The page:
“On your feet and start moving, you son, or maybe I’ll play a few games with your precious colonel right now.”
The former admiral obeyed. He turned his back and walked toward his place of execution, holding himself straight and silent, as he had faced the first of another set of executioners five years previously.
He wanted to tell Islaen how much he loved her, how much he loved them all...
Sogan said nothing. He dared not distract her. If Ecke’s attention wavered even for a moment, she and the others had to be ready to seize their chance. There would be only the one.
It would not come, the Arcturian believed, until he was about to enter or had actually entered the water. The Elainen’s hunger for his death, his desire to gloat over it, could well distract him then. He did not grudge the dying if it bought Islaen Connor her life.
* * * *
Varn Tarl Sogan left the sand and stepped onto the solid surface of the pier. For all his courage, his stomach twisted, and a shiver coursed through him at the thought of the death he must accept. There had been no movement behind him. He realized he would have to go through with it. It was over for him. Destruction would come here on Elaine of Avalon. He, War Prince and former admiral of the Arcturian Empire, was about to be shredded and devoured by a school of voracious fish.
His shoulders straightened. No. He was not quite ready to accept death as inevitable, not yet. He would have to go over the edge of the pier, aye. He did not have to enter the ocean, not completely.
The Commando considered his position. He was near the left edge of the pier now. By slanting his walk, he would bring himself to the very edge by the time he reached its end, just above the strong pillar supporting it. Ecke had ordered him to lower himself slowly, to dangle for a while. That would give him the moment he needed to get his arms and legs around the piling. A theatrical scream at that point would doubtless give his friends their opening.
Another shudder coursed through him, body and heart. The water level was very high, and some part of his body would be within the barracands’ reach.
Sogan gathered his courage. What had to be endured must be. The fish might well still kill him. They certainly would if he failed to hold on, but he would not have to do that for long. It would all be over within minutes. He would be able to climb back up then or be pulled up. Vishnu’s ravagers had almost eaten the legs off him, and a renewer had healed the damage. His unit had theirs with them, and the village hospital had both renewers and a regrowth facility, as did the Terra’s Charm.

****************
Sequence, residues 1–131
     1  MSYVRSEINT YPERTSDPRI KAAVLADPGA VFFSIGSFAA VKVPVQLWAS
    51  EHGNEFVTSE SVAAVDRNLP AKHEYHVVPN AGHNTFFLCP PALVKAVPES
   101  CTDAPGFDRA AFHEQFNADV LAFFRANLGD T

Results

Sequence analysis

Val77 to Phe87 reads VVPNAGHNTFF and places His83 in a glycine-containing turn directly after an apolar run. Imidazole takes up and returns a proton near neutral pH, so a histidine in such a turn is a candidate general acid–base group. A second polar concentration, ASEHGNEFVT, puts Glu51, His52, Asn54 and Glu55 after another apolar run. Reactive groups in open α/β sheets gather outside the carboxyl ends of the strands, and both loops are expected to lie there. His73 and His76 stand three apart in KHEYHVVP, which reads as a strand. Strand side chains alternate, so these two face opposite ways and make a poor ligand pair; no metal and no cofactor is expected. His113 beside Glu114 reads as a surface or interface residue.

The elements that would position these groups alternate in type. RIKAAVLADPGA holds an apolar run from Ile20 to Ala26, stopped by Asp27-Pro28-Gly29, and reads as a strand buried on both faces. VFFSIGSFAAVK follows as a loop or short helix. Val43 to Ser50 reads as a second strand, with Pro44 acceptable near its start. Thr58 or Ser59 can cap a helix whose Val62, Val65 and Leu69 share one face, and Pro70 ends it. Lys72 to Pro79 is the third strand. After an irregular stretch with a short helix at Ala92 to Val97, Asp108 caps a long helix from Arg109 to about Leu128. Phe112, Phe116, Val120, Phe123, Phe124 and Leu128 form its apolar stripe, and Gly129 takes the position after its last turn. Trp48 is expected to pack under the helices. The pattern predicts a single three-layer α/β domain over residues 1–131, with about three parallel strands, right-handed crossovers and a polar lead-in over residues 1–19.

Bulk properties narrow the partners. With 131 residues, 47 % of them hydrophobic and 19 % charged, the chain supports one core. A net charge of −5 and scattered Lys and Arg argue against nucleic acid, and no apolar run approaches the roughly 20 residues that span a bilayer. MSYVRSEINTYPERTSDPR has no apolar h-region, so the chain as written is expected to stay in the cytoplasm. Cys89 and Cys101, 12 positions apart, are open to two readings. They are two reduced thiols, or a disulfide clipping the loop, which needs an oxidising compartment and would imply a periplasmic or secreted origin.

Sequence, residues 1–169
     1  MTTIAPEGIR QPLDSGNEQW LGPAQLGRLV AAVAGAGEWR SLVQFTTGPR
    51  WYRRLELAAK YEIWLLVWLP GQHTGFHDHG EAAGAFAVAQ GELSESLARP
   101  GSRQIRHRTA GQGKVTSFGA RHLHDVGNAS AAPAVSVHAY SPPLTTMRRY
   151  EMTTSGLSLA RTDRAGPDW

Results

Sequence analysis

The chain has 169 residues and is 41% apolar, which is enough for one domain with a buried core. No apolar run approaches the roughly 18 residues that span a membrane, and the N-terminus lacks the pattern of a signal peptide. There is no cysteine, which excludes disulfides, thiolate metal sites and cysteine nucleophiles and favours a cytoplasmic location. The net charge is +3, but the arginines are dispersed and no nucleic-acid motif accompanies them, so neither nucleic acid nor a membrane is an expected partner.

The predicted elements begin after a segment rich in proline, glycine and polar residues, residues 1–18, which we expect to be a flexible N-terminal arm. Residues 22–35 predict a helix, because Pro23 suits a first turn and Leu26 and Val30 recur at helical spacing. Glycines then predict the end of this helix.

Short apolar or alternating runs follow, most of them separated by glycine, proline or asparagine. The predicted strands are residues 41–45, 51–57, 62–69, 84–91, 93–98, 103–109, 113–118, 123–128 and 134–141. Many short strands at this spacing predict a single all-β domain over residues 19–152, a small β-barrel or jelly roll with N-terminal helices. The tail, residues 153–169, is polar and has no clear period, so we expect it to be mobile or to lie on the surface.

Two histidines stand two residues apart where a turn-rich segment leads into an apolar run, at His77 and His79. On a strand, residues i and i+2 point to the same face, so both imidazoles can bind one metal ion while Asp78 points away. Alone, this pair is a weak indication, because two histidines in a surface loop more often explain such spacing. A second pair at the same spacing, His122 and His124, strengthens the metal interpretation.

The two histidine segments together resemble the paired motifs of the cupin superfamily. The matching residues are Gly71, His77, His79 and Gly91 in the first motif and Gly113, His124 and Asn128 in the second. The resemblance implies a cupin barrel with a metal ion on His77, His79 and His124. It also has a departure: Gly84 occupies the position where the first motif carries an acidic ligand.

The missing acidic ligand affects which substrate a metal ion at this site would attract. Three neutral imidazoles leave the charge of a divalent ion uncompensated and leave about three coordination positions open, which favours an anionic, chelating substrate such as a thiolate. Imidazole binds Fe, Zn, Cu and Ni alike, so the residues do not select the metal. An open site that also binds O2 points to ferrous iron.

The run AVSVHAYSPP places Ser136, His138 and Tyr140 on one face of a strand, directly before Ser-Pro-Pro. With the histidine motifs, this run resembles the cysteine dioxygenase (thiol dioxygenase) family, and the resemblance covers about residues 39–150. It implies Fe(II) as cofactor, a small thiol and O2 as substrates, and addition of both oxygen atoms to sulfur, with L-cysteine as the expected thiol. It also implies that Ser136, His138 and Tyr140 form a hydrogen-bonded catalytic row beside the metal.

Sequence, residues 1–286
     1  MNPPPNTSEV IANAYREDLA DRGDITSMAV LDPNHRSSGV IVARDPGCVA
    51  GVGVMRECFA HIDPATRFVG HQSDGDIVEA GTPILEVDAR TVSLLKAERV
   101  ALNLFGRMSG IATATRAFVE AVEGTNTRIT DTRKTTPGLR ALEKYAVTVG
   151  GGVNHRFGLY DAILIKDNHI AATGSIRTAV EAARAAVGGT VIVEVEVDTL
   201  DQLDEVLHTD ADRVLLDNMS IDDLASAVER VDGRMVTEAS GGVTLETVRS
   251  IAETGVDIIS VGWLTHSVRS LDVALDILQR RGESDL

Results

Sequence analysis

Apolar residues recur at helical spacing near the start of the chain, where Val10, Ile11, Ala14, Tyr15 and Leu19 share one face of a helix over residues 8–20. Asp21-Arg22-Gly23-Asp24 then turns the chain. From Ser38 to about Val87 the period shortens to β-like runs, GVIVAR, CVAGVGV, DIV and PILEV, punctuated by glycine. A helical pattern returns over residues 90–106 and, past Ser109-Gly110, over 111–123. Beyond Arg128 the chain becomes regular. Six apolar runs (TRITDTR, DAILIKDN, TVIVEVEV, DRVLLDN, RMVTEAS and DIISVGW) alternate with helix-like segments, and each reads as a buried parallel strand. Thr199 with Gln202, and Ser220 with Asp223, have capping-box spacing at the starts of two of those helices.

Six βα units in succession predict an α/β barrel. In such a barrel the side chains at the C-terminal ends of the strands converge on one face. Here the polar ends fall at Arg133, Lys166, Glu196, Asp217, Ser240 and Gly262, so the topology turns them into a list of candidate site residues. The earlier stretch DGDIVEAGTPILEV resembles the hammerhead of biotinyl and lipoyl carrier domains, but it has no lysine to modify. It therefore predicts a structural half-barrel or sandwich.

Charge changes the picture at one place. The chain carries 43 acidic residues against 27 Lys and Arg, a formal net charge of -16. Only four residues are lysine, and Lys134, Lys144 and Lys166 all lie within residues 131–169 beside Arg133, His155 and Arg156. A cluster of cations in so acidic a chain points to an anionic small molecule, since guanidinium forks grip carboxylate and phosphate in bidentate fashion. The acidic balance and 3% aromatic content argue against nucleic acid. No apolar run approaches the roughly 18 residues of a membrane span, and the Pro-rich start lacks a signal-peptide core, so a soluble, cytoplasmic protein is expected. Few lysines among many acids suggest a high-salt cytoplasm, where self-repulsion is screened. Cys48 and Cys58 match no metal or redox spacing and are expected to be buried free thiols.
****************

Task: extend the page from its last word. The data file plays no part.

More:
His throat closed in an agony that exceeded any dread he held for his own fate. If Islaen were slain, it would not matter what the outcome was for him. Nothing would matter for him then.
* * * *
Tomas Dyn watched the War Prince make his march to death, and a cold fury filled him. That fine man was going to die and maybe the Federation’s other greatest heroes with him to feed the hate of this thing, this creature that defiled not only Elaine of Avalon but humanity itself.
That was not going to happen. He would see to that. Dyn knew what his companions were thinking, what they must be planning. He also knew that their success could only be partial at best. He alone was close enough to do the job properly. He had been nearest to the renegade from the start, and slowly, millimeter by millimeter, he had drawn closer still. There would be no need for anyone else here to die. Maybe even Varn Tarl Sogan would not have to die if he moved quickly enough…
* * * *
The former admiral stopped at the end of the pier. He was shaking slightly. That did not matter. He had cause for fear, and no one was close enough to observe his weakness in facing it.
He looked down at the quiet surface of the sea.
Something seemed to be there just beneath the surface.
His eyes closed momentarily as he fought down his terror. The barracands. They were waiting, watching…
He willed his eyes to open just as the waters parted. Slowly, deliberately, a massive form rose out of the sea to tower over him, a great, scarred head with two large eyes and slender, razor-toothed jaws extending ten feet out from it.
Panicked screams and shouts sounded all along the beach as those jaws closed on the War Prince’s chest, lifted him bodily off the pier, and disappeared with him beneath the surface of the ocean. There was no splash, only a ripple which flowed outward briefly before dissipating, leaving no sign behind it to mark where the sea creature or man had been.